4. Societal impact

Another motive for responsible investing is to positively impact society – to create ES value. There are two ways this can be done. The first is stock selection. By investing in “green” stocks with a positive societal impact (such as clean energy), investors can – at least in theory – make it easier for them to raise funds, allowing them to expand and increase their positive impact. Conversely, by disinvesting from “brown” stocks with a negative societal impact (such as tobacco), investors make it harder for them to raise funds, hindering them from expanding and increasing their negative impact.

The second method is stewardship: By voting and actively engaging on ES issues, investors can increase a company’s positive impact or reduce its negative impact. Importantly, while stock selection involves investing in green companies and disinvesting from brown companies, stewardship might involve investing in brown companies and engaging with them to reduce their negative impact (such as encouraging a tobacco company to develop less harmful products).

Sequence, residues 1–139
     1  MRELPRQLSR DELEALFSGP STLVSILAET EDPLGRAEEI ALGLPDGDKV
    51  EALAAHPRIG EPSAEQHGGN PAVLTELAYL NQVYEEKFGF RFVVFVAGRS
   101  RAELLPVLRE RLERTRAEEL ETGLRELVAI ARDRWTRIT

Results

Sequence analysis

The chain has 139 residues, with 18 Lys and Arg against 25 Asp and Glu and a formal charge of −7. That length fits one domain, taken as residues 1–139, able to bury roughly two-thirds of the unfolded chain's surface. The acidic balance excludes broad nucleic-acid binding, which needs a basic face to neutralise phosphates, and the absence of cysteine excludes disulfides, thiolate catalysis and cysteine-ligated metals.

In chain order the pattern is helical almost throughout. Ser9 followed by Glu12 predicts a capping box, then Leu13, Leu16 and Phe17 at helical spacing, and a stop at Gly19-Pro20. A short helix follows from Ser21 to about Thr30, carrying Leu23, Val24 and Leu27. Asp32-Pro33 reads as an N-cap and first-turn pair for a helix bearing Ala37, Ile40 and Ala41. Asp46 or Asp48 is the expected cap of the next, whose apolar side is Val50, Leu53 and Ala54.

In some cases, financial returns and societal impact will overlap. For example, if a company has strong ES performance that is not priced into the market, buying such a company will create both financial returns and societal impact. Engaging with a company to improve its ES performance will have positive societal impact and also enhance financial returns if these ES factors are material to the company’s business, i.e. will ultimately be internalized.